By contrast, lush growth and planting, from Jude.  I’ll make it to Cornwall yet!

Tremenheere Trees

Carol’s been in the wars lately, but she’s a real trooper :

More than a Battlefield

You can have such fun with photographs!  Sometimes I forget to play.  Thanks for reminding me, Lynn :

Local Walks : Wind in the Garden

The first of a series of walks by the Murrumbidgee River in Australia, in the company of a Wombat :

Molongo River Track (Crossing) – By way of Shepherd’s Lookout

While Cathy soldiers on, taking the good with the bad :

(Camino day 22) Castrojeriz to Boadilla del Camino

And Drake… well, he’s always off somewhere interesting.  Giverny is a favourite of mine :

Didn’t promise a rose garden

Breathing space

The following morning we saw just a little more of Ponta Delgada.  I’ll share it with you during the week.  Have a good one!

127 comments

  1. Wowsers, what a lovely, interesting place and great timing as always darling. The churches, especially Francisco have a different style, surely it wasn’t just 60 years old?
    It’s a pity about the scruffy bits, especially as Ponta Delgado is most people’s arrival destination, but when there’s a festival they make up for it and the seafront and marina are lovely. Are you taking us to Sao Jorge next? Hope your week is gong well, I’ve had a four day weekend so for now I’m chilled x 🙂 x

    1. I think it was 60 years of celebrating Santo Cristo, Gilly. The evening display was dazzling! Mick was ahead of me when we turned the corner and he just stopped dead and stared. (then rushed round with his phone, taking heaps of photos 🙂 ) Ponta Delgada is a big sprawly place so I guess it’s natural there are raggy bits. 🙂 I have another post to write on the gardens then it’s back to Sáo Jorge. Glad you enjoyed your weekend. The joint was jumping here! Fireworks at midnight on Sunday and then a soft rock concert, Portuguese style, last night in the Praca, celebrating Tavira Day. I’m worn out this morning 🙂 🙂

  2. very interesting! the churches are magnificent, Jo! the flowers adorning the altar are just beautiful. and i’m mesmerized by the dazzling Sao Francisco. thank you for sharing. you are truly a blessing 🙂 🙂

    1. It was hard to take photos in Sáo Francisco, LolaWi, because there were so many people inside, but dazzling is definitely the word. Usually I like to sit a few moments in the quiet, but everybody wanted to look. And me, of course 🙂 🙂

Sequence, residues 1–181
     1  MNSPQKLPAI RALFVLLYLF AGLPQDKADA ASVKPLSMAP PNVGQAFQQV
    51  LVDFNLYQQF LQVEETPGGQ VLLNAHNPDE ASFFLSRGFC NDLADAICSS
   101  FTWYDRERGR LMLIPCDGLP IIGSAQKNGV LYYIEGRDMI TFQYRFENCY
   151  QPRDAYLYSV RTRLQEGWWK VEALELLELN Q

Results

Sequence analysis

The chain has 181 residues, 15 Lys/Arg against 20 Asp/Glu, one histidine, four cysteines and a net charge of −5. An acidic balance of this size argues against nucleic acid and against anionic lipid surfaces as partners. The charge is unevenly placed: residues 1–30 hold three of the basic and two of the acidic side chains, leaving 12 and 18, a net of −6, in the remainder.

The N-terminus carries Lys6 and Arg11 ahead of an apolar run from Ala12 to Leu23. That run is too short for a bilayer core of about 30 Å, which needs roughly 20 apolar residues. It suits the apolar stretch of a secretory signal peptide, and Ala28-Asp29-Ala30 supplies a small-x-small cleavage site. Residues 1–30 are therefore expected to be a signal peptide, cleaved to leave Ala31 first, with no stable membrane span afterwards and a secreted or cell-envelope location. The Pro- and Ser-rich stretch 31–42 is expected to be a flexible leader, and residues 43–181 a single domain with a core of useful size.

3. Lovely, Jo – cannot get enough of it…The first time we went to Ponta Delgada there were a lot of stray dogs. One of them became our children’s best friend. He even showed us around the streets and parks. Were there any dogs in the streets? Love your shots – I have no memory of the night lights from our visit!

    1. It’s just a week at the end of May, Ann-Christine, so you could easily have missed them. Not a lot of dogs, as I recollect. There are more here in the Algarve. 🙂

  4. Your image and the video of the Festival of Senhor Santo Cristo dos Milagres (with the on-lookers, pageantry and flower adorned parade route) was captivating as were those last night shots of the illuminated buildings. I didn’t find them ‘glaring’ …they just made me gasp at their beauty. Thank you for giving me yet another reason to visit

    1. I think we were left with jaw hanging open at the end of that day, Lisa. Did somebody mention life’s rich pattern? Thanks for being a part of it with me. 🙂 🙂

  5. Well you made it look rather inviting, even if you weren’t immediately impressed. The night scenes are fabulous! The Portuguese people really know how to celebrate don’t they? I will have another walk for you on Wednesday with blue sky to begin with! And weather permitting we will be beach walking this Wednesday too, a last supper so to speak!

    1. There are some seriously shabby bits, Jude, but the churches were impressive. I liked it better on a night. Hides a multitude 😆 I’m off out with Marie celebrating Tavira Day tonight. Life’s hell! 😚🍷💕

    1. Sometimes i don’t know if I’m coming or going, Debs! As one who scurries about rather a lot, you’ll know the feeling 🙂 🙂 Did you catch last week’s walk? It was a beauty, if I say so myself, as shouldn’t! 🙂 🙂

  6. That church looks magnificent, and those flower displays are over the top, Jo. The blue skies did come out for you, so I’m happy. That was a cute interaction between Mick and those children, practicing languages with one another. Nice first day! 🙂